In 1959, Truman Capote learns of the murder of a Kansas family and decides to write a book about the case. While researching for his novel In Cold Blood, Capote forms a relationship with one of the killers, Perry Smith, who is on death row.
Philip Seymour Hoffman,
Clifton Collins Jr.,
Two young men, Ennis Del Mar and Jack Twist, meet when they get a job as sheep herders on Brokeback Mountain. They are at first strangers, then they become friends. Throughout the weeks, they grow closer as they learn more about each other. One night, after some heavy drinking, they find a deeper connection. They then indulge in a blissful romance for the rest of the summer. Unable to deal with their feelings for each other, they part ways at the end of the summer. Four years go by, and they each settle down, Ennis in Wyoming with his wife and two girls, and Jack in Texas with his wife and son. Still longing for each other, they meet back up, and are faced with the fact that they need each other. They undeniably need each other, and unsure of what to do, they start a series of "fishing trips", in order to spend time together. The relationship struggles on for years until tragedy strikes.Written by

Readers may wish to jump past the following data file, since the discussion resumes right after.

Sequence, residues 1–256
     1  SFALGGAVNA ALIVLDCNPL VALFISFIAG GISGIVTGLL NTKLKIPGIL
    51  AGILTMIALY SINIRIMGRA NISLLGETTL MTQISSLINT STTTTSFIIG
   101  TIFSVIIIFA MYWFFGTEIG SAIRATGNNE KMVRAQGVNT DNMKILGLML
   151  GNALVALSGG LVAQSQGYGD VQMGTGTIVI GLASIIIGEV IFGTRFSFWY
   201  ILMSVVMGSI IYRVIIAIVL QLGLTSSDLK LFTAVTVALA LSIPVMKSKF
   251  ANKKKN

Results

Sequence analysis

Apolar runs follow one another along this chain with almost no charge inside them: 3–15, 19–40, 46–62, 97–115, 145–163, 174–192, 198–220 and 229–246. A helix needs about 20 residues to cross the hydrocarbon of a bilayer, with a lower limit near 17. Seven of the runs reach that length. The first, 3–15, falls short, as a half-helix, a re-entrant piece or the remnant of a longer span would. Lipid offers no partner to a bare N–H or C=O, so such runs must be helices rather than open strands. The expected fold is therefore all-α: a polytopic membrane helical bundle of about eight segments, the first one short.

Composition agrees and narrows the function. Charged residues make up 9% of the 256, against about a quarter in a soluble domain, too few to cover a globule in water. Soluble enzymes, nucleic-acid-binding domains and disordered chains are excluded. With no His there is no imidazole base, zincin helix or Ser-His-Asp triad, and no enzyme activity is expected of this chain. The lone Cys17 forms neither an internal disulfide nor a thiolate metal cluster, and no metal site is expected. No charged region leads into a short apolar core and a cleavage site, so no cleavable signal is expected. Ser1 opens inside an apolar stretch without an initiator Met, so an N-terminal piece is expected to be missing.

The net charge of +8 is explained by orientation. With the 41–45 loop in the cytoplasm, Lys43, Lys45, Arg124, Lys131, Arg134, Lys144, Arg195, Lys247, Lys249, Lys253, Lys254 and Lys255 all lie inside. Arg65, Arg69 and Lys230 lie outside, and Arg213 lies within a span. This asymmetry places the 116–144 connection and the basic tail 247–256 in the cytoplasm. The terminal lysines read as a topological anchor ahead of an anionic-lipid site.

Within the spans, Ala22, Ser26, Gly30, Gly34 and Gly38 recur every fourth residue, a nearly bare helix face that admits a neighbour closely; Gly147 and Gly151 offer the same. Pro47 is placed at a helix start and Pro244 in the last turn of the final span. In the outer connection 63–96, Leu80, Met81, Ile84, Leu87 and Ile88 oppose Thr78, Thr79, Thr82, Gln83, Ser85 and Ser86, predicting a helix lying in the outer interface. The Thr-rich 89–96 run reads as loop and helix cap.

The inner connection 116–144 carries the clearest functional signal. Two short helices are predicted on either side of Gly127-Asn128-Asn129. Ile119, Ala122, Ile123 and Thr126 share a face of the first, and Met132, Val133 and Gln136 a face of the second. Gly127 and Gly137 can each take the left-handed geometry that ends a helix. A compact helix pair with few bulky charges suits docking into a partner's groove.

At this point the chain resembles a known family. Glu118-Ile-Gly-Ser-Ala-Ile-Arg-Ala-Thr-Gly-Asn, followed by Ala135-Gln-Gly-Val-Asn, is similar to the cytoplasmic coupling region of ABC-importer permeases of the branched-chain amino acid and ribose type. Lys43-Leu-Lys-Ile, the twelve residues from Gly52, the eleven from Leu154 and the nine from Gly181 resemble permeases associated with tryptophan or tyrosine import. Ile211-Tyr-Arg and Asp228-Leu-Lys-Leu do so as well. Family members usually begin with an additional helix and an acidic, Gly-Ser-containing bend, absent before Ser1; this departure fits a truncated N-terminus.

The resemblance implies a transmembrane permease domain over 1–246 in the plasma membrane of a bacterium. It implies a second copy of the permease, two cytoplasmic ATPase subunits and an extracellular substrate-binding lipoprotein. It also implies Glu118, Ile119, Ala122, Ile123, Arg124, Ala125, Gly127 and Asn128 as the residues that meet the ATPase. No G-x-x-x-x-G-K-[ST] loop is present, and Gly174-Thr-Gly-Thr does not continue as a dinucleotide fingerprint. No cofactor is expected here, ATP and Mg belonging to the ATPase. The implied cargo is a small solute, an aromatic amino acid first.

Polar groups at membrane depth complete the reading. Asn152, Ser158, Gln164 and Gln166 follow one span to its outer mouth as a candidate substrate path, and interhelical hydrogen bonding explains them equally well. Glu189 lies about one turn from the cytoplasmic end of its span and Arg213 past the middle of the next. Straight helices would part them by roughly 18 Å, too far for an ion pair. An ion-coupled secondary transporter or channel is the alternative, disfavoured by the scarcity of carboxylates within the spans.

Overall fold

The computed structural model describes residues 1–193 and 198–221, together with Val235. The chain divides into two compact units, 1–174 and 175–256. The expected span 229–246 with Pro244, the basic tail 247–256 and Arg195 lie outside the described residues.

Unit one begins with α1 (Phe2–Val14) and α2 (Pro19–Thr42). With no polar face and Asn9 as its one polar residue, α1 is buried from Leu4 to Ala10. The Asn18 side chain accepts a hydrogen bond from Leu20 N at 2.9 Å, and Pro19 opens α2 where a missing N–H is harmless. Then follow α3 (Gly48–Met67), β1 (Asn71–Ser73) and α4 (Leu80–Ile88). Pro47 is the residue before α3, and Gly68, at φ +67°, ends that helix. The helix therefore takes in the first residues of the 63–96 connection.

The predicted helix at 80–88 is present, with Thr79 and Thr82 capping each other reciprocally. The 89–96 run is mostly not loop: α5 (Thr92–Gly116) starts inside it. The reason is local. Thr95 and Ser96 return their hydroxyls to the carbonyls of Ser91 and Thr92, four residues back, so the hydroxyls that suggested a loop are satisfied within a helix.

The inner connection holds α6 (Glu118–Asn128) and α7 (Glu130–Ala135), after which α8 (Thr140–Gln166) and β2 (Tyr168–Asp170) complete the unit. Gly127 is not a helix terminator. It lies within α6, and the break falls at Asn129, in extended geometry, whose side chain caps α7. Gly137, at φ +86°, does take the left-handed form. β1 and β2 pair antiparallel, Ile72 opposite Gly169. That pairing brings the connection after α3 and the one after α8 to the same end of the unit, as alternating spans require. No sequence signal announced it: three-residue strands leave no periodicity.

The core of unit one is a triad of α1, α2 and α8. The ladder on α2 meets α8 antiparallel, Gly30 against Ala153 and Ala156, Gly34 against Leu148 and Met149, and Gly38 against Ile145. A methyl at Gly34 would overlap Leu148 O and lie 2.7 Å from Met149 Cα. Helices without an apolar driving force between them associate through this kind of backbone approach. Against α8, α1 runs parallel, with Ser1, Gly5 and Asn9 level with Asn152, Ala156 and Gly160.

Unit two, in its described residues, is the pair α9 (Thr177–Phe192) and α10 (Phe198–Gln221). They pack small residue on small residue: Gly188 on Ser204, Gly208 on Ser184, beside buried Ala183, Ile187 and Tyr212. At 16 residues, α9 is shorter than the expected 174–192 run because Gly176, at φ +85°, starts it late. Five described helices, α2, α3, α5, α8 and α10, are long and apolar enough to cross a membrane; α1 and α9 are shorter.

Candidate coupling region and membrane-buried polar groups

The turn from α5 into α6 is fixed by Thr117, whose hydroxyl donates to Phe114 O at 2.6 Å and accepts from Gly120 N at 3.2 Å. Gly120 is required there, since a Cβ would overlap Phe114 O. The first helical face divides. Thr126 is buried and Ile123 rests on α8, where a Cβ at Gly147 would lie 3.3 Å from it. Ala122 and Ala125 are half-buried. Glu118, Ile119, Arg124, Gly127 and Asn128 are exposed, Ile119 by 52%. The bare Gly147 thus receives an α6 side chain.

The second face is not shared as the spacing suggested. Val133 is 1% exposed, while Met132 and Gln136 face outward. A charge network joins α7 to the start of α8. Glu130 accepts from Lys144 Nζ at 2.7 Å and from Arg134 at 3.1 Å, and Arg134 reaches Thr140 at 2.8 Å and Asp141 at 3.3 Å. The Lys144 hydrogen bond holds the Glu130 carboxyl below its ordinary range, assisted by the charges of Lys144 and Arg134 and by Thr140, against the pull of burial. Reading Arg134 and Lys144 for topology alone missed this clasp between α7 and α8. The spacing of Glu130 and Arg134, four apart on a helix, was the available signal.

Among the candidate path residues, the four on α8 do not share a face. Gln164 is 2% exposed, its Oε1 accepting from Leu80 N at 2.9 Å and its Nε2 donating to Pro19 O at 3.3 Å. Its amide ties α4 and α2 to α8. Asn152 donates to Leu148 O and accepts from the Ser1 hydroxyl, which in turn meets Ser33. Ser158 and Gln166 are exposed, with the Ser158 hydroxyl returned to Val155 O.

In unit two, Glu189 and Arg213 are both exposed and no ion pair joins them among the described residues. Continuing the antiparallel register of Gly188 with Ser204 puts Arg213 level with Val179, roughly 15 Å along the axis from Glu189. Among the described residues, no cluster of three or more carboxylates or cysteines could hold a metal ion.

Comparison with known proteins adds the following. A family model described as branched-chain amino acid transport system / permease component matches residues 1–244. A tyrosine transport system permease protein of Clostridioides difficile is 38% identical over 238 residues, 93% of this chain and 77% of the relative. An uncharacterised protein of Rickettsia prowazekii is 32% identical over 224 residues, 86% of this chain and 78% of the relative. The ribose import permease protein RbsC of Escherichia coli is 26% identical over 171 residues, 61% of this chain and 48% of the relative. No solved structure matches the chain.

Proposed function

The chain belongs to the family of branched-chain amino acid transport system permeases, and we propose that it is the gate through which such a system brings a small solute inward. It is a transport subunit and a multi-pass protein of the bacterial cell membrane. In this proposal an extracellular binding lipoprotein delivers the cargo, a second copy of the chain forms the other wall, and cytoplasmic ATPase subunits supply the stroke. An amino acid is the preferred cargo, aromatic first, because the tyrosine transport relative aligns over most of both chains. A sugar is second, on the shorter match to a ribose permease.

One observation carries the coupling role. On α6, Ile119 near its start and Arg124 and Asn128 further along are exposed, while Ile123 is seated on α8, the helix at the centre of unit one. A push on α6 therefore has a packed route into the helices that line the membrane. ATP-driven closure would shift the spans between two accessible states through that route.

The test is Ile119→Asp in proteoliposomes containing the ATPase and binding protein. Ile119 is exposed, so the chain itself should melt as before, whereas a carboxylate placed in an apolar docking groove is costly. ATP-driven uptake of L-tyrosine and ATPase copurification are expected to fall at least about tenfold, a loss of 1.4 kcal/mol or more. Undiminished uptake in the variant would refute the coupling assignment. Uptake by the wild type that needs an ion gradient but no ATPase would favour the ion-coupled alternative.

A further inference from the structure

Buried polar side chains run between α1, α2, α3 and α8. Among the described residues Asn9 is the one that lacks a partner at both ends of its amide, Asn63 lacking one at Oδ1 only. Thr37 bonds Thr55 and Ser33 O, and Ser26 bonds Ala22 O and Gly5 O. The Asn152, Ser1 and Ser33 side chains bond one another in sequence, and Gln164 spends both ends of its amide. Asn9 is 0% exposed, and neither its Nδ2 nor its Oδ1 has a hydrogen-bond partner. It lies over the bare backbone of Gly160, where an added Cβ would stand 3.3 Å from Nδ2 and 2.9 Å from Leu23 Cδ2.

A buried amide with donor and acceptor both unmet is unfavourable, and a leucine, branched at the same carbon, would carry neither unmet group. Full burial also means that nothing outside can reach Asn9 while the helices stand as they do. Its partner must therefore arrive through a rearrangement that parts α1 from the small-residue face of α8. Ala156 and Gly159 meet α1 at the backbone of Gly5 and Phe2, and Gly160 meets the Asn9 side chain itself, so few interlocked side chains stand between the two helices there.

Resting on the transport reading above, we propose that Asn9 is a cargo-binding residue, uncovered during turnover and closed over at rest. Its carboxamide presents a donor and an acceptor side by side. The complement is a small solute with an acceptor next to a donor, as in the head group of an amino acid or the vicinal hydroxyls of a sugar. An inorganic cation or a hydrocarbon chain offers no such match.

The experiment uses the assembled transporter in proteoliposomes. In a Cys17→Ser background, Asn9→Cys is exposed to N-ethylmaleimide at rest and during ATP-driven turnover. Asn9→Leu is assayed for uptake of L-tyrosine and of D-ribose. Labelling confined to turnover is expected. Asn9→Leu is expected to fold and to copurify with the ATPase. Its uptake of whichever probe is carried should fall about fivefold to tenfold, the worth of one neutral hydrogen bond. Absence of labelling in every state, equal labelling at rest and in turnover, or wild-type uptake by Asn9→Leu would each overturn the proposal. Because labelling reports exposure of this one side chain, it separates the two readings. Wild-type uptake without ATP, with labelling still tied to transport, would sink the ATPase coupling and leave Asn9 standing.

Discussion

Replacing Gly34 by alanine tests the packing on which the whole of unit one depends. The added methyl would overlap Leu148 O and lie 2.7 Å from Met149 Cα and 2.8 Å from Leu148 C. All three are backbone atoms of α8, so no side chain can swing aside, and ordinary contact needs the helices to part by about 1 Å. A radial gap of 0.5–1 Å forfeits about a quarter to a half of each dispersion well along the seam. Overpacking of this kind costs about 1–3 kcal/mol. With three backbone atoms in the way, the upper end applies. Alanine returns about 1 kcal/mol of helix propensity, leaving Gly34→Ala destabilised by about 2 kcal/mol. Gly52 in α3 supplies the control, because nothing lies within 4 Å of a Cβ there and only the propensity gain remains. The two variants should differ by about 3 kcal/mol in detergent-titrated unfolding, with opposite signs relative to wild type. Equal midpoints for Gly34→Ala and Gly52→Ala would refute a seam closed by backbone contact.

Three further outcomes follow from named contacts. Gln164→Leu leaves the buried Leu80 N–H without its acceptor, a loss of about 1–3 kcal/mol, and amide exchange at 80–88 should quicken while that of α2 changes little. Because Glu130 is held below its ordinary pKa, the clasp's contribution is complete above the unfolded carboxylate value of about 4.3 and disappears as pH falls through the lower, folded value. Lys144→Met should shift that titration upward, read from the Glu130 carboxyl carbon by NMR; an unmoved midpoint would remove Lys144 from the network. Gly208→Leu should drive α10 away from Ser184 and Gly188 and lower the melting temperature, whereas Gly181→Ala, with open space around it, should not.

"Words get in a way of communication", said Exupery in Little Prince. This is how I feel about the film: it is indescribable, it has to be felt. If you get to this review, you probably know what the film is about, but to feel it through is worth much more, so watch it and judge for yourself. We are taken through many different emotions: joy, longing, anger, confusion, despair, and regret are among many. And most people can relate to at least a few of those, no matter what age, gender, race, sex orientation, religion or political views they hold. Here is the impact the film had on me: interestingly, the first night I watched it (at home on DVD) I thought it was a well-made tragic story with superb acting, and so on, I did not cry, I went to sleep... Woke up next day unable to concentrate on anything else, as it was slowly sinking in deeper and deeper, to the core of my humanity. By the daytime I was devastated, replaying parts of it and thinking about my own life and only a handful moments of raw emotions (blissful and aching) that I experienced, emotions unmixed with its' "yang" of rationality and logic. Emotions that shake you and take you on a rite of passage, and after you are not the same again. The next night I got up at 2am and saw it again, this time crying over tragedies of human existence (imagine a story being told from Ennis's wife's point of view, or daughter, etc.); and thats the whole thing: it's not a good guys vs. bad guys type of film; If only life was that simple!.. This film became personal. And in fact, I am reluctant of recommending it to my husband, friends, and family, since I know that either negative comments or indifference on their part might shatter my image of THEM. Thank you, cast and crew for this rite of passage.
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